When deciding on a classification model, you must first ask how many categories, or classes, are present in the training data. Many problems are binary, and the data may be divided into two classes. Perhaps whether or not a customer will make a purchase, while other problems try to predict which of several categories a data item should be assigned to.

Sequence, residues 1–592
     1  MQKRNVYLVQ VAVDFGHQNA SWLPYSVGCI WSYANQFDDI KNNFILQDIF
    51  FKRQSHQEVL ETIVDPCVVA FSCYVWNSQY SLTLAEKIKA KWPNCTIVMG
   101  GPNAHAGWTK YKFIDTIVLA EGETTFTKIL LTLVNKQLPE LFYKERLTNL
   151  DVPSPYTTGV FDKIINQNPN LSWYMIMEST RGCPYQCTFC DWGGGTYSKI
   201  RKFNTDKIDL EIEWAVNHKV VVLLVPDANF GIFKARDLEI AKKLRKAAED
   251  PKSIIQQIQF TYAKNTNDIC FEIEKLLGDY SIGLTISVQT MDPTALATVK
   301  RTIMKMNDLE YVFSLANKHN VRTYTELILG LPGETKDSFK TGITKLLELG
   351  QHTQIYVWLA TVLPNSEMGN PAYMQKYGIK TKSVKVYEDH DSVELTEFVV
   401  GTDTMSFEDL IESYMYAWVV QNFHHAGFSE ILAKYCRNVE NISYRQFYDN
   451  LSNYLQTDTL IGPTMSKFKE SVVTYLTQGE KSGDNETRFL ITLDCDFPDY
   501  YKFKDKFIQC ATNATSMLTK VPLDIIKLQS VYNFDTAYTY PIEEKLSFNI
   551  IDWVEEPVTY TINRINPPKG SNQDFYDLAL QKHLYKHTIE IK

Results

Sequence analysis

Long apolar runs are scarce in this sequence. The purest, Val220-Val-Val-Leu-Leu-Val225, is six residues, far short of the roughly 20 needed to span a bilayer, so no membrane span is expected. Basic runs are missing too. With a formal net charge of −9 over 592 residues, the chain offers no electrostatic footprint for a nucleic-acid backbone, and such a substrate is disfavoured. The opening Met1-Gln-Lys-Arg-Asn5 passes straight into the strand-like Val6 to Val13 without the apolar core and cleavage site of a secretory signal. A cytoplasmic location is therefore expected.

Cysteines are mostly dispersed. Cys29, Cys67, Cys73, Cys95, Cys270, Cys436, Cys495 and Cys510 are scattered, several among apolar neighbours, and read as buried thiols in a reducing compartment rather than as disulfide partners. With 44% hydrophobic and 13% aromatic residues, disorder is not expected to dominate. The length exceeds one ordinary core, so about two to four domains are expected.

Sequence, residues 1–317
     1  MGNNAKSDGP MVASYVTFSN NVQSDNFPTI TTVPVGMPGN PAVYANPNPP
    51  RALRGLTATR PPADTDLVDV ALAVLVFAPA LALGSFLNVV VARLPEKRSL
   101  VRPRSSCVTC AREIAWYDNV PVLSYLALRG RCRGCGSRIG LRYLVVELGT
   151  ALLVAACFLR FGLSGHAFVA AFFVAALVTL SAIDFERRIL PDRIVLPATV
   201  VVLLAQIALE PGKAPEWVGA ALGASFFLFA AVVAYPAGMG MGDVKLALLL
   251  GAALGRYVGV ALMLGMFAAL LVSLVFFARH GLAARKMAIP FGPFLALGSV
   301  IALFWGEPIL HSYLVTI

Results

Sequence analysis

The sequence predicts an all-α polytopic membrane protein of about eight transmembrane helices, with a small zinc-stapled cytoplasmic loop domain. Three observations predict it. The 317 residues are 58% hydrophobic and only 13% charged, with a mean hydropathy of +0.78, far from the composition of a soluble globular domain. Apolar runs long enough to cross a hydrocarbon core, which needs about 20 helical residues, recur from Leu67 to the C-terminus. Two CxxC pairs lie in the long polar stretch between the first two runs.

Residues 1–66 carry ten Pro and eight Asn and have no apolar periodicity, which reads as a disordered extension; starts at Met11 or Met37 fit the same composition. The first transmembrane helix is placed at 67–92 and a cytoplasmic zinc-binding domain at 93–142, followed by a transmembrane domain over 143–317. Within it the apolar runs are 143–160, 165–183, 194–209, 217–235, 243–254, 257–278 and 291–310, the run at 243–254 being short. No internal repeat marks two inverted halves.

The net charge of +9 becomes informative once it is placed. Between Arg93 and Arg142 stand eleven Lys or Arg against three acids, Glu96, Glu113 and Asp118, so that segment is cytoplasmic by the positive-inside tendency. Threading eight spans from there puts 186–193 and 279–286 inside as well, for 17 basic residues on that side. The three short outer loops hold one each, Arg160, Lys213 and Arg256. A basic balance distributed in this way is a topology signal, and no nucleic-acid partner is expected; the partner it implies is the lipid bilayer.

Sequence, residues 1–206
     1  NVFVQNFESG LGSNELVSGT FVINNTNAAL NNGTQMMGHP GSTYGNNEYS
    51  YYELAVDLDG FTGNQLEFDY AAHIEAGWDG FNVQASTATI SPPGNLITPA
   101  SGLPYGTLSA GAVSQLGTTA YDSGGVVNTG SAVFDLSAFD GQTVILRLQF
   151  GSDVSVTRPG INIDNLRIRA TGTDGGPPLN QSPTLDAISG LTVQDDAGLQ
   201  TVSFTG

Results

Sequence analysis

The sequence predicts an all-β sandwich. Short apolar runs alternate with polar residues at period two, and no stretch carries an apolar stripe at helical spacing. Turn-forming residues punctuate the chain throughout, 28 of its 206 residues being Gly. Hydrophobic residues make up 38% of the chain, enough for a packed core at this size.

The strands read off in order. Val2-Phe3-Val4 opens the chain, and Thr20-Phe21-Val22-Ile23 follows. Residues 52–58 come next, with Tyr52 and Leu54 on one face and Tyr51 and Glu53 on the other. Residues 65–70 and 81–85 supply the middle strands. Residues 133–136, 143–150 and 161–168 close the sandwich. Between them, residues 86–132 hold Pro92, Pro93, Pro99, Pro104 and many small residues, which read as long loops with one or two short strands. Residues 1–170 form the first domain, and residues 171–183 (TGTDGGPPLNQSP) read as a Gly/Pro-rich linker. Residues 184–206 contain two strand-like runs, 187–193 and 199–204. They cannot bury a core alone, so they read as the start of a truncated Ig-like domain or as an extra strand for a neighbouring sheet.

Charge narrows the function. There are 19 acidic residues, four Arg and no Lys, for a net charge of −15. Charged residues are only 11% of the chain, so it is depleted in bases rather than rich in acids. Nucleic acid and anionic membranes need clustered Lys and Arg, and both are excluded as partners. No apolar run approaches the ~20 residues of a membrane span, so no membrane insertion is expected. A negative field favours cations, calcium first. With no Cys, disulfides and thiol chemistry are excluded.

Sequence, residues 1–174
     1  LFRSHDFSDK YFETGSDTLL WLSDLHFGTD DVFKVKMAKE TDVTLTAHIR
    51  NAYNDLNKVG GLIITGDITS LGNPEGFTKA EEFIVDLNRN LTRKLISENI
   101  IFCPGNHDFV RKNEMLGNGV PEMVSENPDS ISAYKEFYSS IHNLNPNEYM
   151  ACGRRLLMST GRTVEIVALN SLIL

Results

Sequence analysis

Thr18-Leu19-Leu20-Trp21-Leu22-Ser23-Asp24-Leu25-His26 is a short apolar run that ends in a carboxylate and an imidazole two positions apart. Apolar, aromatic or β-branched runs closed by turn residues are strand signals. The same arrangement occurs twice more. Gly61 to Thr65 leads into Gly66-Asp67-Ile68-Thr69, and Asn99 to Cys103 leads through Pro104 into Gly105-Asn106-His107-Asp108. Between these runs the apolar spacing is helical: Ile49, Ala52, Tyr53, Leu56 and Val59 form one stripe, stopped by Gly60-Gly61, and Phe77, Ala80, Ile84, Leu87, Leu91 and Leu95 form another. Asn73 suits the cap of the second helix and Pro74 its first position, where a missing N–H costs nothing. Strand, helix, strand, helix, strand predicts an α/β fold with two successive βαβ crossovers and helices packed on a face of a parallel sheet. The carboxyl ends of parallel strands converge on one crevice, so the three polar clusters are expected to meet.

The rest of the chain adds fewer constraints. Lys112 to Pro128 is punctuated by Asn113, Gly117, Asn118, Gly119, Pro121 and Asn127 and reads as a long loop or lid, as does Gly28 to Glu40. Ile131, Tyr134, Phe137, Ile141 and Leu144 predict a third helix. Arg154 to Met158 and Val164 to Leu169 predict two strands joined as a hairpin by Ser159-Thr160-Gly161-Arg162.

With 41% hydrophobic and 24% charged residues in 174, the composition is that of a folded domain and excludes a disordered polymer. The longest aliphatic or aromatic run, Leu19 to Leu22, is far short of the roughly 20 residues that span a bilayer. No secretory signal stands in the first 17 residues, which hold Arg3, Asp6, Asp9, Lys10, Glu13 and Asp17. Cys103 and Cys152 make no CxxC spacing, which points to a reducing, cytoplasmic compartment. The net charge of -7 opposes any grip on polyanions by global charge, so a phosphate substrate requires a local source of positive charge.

A number of binary classification algorithms exist including support vector machines (SVMs), logistic regression, and random forests. The SVM algorithm defines a boundary separating positive and negative classes by attempting to maximize the distance between the boundary and the nearest positive/negative instance. SVMs are particularly powerful when constructing models that contain hundreds of features. Logistic regression, perhaps the most popular binary classifier, attempts to find the Sigmoid function – a probabilistic function to separate positive and negative classes. Logistic regression is useful because it is a fast-training linear model, and the approach has been shown to deliver results competitive with more complex methods. Random forests containing decision trees are highly accurate; each tree in the forest splits the data by feature to generate a binary decision. Aggregating each of these decisions via bootstrapping or boosting is a key aspect to constructing a random forest that combats over-fitting.